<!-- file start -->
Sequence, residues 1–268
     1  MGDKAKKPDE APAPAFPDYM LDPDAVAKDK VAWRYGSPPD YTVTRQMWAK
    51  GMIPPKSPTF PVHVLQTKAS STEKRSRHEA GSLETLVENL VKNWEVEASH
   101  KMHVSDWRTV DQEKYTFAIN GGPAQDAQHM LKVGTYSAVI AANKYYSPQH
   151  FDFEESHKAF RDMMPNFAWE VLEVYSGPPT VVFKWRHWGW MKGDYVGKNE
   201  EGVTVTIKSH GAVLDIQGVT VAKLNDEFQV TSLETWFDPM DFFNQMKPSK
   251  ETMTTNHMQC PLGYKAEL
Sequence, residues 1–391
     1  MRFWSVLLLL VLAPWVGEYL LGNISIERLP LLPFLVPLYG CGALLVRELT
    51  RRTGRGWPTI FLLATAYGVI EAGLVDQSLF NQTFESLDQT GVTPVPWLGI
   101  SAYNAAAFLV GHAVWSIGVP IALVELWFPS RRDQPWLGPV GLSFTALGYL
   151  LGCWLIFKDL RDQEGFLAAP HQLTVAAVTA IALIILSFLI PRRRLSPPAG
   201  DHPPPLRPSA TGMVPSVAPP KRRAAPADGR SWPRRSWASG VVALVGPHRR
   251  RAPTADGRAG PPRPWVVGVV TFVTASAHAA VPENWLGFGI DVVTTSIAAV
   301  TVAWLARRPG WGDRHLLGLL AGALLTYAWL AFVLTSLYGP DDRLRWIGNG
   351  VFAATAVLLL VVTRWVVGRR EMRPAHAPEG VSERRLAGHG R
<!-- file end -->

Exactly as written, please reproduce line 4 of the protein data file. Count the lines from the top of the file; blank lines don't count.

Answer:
   101  KMHVSDWRTV DQEKYTFAIN GGPAQDAQHM LKVGTYSAVI AANKYYSPQH